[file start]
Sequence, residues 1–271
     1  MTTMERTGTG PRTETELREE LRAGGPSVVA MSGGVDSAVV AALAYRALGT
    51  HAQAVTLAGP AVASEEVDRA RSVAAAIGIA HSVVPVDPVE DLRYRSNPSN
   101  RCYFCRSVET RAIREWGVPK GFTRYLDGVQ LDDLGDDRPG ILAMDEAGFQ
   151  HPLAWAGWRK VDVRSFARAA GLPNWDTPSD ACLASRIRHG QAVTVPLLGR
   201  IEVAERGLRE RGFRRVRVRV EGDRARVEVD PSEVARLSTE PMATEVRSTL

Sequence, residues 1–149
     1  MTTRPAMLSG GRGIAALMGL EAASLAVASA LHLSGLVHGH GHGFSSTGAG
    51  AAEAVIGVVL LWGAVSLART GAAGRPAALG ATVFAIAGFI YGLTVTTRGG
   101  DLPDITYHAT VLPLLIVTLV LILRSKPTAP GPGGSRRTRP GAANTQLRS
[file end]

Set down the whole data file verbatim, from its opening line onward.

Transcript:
Sequence, residues 1–271
     1  MTTMERTGTG PRTETELREE LRAGGPSVVA MSGGVDSAVV AALAYRALGT
    51  HAQAVTLAGP AVASEEVDRA RSVAAAIGIA HSVVPVDPVE DLRYRSNPSN
   101  RCYFCRSVET RAIREWGVPK GFTRYLDGVQ LDDLGDDRPG ILAMDEAGFQ
   151  HPLAWAGWRK VDVRSFARAA GLPNWDTPSD ACLASRIRHG QAVTVPLLGR
   201  IEVAERGLRE RGFRRVRVRV EGDRARVEVD PSEVARLSTE PMATEVRSTL

Sequence, residues 1–149
     1  MTTRPAMLSG GRGIAALMGL EAASLAVASA LHLSGLVHGH GHGFSSTGAG
    51  AAEAVIGVVL LWGAVSLART GAAGRPAALG ATVFAIAGFI YGLTVTTRGG
   101  DLPDITYHAT VLPLLIVTLV LILRSKPTAP GPGGSRRTRP GAANTQLRS